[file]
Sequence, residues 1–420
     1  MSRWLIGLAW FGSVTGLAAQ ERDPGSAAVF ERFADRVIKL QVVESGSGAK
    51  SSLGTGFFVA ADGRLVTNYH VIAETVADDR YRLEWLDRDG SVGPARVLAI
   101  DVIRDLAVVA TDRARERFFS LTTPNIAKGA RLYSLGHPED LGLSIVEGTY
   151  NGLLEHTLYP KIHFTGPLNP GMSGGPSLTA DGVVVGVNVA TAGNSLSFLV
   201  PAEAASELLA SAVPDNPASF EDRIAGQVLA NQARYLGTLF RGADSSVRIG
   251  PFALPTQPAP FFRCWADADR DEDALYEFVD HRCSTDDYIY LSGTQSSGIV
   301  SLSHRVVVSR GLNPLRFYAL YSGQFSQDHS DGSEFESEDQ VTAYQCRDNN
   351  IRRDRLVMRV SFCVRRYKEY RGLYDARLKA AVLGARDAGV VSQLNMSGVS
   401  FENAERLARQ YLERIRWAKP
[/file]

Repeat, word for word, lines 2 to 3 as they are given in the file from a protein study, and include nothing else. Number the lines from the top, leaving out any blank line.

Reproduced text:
     1  MSRWLIGLAW FGSVTGLAAQ ERDPGSAAVF ERFADRVIKL QVVESGSGAK
    51  SSLGTGFFVA ADGRLVTNYH VIAETVADDR YRLEWLDRDG SVGPARVLAI